The Central Otago District Council rates have been set with the adoption of the 2022-23 Annual Plan at the Council meeting at Alexandra on Wednesday 1 June.
Having not signalled any significant changes for year two of the Council’s 2021-2031 Long-term Plan, which involved an extensive public consultation, there was no requirement to consult on the2022-23Annual Plan.
In adopting the Long-term Plan (LTP), the average rates increase was predicted to reach 7.8%. However, this has reduced to 7.5%.The fees and chargesfor 2022-23 financial year were also adopted as part of this process.
At the meeting, Central Otago Mayor Tim Cadogan believed this was a good result, a view he reiterated on his Facebook Live post this week.
“To do the things we have committed to doing in the Long-term Plan last year after significant consultation with the community, we were anticipating a 7.8% average rate rise which has come back to 7.5%. That is not a bad effort compared to the current rate of inflation, although rates and inflation aren’t totally directly linked.
“This is an average rate rise and different areas and different types of properties will have a different level of rise that make up the average. For instance, the Teviot Valley rates increase will be higher due to the impact of the funding agreed last year for the new swimming pool.
“Council has chosen not to reduce any levels of service across the organisation, which is what would have been required to bring the rise back further.”
CODC Executive Manager Corporate Services Leanne Macdonald said the
Council had also seen increased costs relating to wastewater and waste (rubbish) collection and disposal.
Wastewater and waste minimisation had increased in year two of the LTP as predicted. This created differences across the district as well, she said.
“For example, Clyde currently does not pay the wastewater uniform charge of $601.94, so will not feel the impact of this increase.Hotels and motels that have additional pans will feel the increase of wastewater more than residential ratepayers, who do not get charged for additional pans. Ratepayers who have rubbish bins included in their rates for the first time will feel a greater impact of rising waste collection costs.These variances can be across the ward, and also across ratepayers within the district depending on their individual circumstances; this causes anomalies in our average rates increase.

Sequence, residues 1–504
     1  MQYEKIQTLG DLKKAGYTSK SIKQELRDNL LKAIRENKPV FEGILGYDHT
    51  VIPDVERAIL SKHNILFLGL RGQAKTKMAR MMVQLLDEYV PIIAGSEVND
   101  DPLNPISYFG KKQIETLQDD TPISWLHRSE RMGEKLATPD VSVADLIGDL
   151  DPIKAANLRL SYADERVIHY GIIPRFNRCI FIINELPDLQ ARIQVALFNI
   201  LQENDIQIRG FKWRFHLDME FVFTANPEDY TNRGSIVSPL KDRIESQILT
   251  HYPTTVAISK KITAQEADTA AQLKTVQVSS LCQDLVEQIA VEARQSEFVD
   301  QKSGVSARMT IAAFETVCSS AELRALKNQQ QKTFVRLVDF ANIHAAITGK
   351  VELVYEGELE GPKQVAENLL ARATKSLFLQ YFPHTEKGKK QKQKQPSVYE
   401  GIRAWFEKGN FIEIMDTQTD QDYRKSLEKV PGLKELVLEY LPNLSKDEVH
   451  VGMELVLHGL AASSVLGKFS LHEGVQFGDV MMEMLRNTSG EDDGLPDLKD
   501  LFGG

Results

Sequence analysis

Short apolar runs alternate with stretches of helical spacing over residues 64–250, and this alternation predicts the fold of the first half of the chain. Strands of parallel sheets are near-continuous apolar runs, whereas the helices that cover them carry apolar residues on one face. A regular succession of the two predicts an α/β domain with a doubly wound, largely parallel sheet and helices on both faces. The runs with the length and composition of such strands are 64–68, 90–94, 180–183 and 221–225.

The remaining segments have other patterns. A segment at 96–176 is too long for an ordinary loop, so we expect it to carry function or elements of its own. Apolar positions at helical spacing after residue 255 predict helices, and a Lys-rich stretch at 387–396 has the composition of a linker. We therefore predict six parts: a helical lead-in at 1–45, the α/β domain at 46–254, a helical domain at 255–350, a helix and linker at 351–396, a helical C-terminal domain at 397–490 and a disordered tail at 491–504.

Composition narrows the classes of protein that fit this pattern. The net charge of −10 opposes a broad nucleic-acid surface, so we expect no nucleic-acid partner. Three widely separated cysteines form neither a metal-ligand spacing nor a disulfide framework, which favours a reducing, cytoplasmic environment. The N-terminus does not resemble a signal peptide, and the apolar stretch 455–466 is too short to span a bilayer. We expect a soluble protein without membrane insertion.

“Finally, waste collection has also increased, so our bins increased by 6% from $448 to $475 for a set of three bins and the waste management charge went from $69.92 to $73.98, so while not much in terms of dollars, is still a 5.8% increase in this area. The good news story to this is of course that we need to drive our waste down in order to reduce cost. So, we need to keep encouraging that.”
The ward-specific rates were set for Māniatoto as a 0.4% decrease-average across the district and Teviot a 5.2% increase., Cromwell ward-specific average rates increase was 4.1% and Vincent ward-specifics average rates increase was 5%.
“These variances reflect the various ward specific projects going on in their areas.
It should be noted that increases or decreases are specific to these communities and do not include the district-wide charges and metered water charges.”